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Mastering difficult interactions with patients

05 July 2019

We share some top tips to effectively manage difficult interactions with patients, including avoiding them in the first place. Feedback has shown these essential skills – which are also taught on Dental Protection’s ‘Mastering Difficult Interactions’ workshop – are valuable to members. 

Dentistry requires working with a range of people when they are often feeling anxious and vulnerable. When anxious, scared or in pain, adult patients can behave in a regressed or adolescent manner. This loss of internal ‘locus of control’ can result in strange behaviours and demands. It is therefore not surprising that difficult conversations and situations arise. Dentists can inadvertently contribute to making interactions difficult through a range of factors – some of which are identifiable and correctable.

Difficult interactions can have a negative effect on patients and dentists and can be a contributing factor for burnout amongst dental professionals. They are also a common catalyst for complaints and claims.

The following top tips – discussed in more detail at the workshop – identify some preventable factors of difficult interactions and how to manage them.

1. Avoid HALT – Hungry, Angry, Late and Tired

Develop rituals to ensure you eat and drink regularly throughout the day and have a cap on numbers of patients you feel safe to see in a given time period. You should not go to work when unwell. Your surgery or organisation should have policies and protocols in place to support these evidence-based safety strategies.

Dental Protection’s workshop, Building Resilience and Avoiding Burnout, provides further advice.

2. Respectfully correct unrealistic expectations

Unmet expectations lead to disappointment for both the patient and dentist. Patients have preferences and expectations about all aspects of healthcare. So do dentists. When disappointed, it is easy to blame the other, rather than share the disappointment. Developing skills in how to disappoint patients safely is very useful. It is essential to: 

•  Recognise an unrealistic expectation – ask about expectations and listen carefully to the answer.

•  Acknowledge the patient’s disappointment.

•  Request permission to explain the situation logically.

3. Avoid labelling the patient

Recognise regressed behaviours in anxious patients and reframe these to avoid labelling a patient as ‘difficult’ or ‘demanding’. Viewing a set of behaviours triggered by the dental event as temporary can help our empathy and compassion flow, enabling us to see beyond the behaviour and ensure a good outcome for all. Many patients apologise after the event and develop huge respect for dentists who can contain their regressed behaviours safely.

4. Understand Body Dysmorphic Disorder (BDD)

Develop a strong knowledge base around BDD and have a protocol for screening and supporting these patients. The prevalence of BDD in those seeking dental interventions is high; estimates vary between 2% and 28% in the general population, but it is probably at least 10% of dental patients.1 Up to 1 in 5 BDD patients specifically report dental concerns.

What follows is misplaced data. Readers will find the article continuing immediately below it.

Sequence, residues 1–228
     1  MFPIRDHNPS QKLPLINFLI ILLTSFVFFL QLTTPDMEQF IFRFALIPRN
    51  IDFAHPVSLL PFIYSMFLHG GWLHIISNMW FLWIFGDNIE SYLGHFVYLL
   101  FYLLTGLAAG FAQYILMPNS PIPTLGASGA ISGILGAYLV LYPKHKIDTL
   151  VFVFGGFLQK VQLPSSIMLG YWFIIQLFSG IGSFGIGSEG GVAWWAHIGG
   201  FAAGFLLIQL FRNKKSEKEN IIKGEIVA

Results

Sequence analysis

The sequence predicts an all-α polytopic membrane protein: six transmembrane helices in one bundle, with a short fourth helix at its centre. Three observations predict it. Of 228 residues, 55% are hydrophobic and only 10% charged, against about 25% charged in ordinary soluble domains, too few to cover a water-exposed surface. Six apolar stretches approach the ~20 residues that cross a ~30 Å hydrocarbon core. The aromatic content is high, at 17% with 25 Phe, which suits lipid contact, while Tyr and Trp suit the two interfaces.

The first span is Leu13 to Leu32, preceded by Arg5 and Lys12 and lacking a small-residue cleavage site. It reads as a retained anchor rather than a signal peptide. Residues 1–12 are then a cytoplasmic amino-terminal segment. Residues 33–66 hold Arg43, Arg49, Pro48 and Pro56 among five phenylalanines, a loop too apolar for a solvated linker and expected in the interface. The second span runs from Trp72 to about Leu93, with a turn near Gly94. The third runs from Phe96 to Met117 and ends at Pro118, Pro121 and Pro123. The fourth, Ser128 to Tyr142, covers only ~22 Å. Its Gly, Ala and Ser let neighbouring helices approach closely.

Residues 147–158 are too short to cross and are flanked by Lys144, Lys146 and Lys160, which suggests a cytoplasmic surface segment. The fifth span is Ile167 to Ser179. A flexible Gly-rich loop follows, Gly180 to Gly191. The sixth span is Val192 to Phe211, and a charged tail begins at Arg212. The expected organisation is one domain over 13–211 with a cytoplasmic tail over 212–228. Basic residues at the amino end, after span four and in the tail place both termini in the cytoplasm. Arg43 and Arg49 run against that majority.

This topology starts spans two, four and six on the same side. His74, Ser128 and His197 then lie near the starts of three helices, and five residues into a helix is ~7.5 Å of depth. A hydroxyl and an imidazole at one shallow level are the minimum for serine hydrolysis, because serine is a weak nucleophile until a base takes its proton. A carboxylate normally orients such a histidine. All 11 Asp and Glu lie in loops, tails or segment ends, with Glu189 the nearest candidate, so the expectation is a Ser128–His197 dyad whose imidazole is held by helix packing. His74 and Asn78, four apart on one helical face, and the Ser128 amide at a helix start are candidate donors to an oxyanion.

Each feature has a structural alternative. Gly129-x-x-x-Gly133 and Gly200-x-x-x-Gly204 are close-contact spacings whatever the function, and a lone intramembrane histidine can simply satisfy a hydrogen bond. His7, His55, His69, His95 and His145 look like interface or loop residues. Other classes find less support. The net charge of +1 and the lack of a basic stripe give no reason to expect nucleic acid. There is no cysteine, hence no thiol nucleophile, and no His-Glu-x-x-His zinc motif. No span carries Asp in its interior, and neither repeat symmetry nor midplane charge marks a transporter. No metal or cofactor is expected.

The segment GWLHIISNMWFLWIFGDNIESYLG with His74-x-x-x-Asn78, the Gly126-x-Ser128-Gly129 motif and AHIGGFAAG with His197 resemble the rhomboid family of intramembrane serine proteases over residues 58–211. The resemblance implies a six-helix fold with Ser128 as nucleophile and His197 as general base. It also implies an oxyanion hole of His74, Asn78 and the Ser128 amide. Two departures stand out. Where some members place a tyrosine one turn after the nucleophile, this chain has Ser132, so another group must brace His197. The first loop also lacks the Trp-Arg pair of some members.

It is important for cosmetic dentists to consider psychiatric referral for such patients.2 Treating patients without recognising underlying BDD is risky. These patients often remain unsatisfied and will request more and more treatment. These vulnerable patients can often be highly litigious.

5. Develop robust negotiation skills

Dentists and patients each have a ‘band of comfort’ on possible diagnoses, appropriate investigations and management options. Difficulty can arise when there appears to be no overlap in these bands of comfort. If you do not have strategies for negotiation, this commonly leads to conflict. The AID© model is a simple negotiation model that can help in these risky situations:

•  Acknowledge the patient’s view.

•  Inform the patient of your view .

•  Discuss a way forward.

Workshop for members

The Dental Protection ‘Mastering Difficult Interactions’ workshop is designed to give dental healthcare professionals competence in handling difficult patient interactions. This practical 3 hour workshop presents the AID© model and examines techniques to help reduce stress.

The workshop is free to attend for members and can be booked via Prism.


1. Scott SE, Newton JT. ‘Body dysmorphic disorder and aesthetic dentistry’ Dent Update 2011. 38(2).

2. Winfree WJ, Rouse LE, Brown RS. ‘Body dysmorphic disorder and cosmetic dentistry: diagnostic, management, and ethical issues’ Dent Today 2014. 33(3):72–4.

Please note: Dental Protection does not maintain this article and therefore the advice given may be incorrect or out of date, and may not constitute a definitive or complete statement of the legal, regulatory and/or clinical environment. MPS accepts no responsibility for the accuracy or completeness of the advice given, in particular where the legal, regulatory and/or clinical environment has changed. Articles are not intended to constitute advice in any specific situation, and if you are a member you should contact Dental Protection for tailored advice. All implied warranties and conditions are excluded, to the maximum extent permitted by law.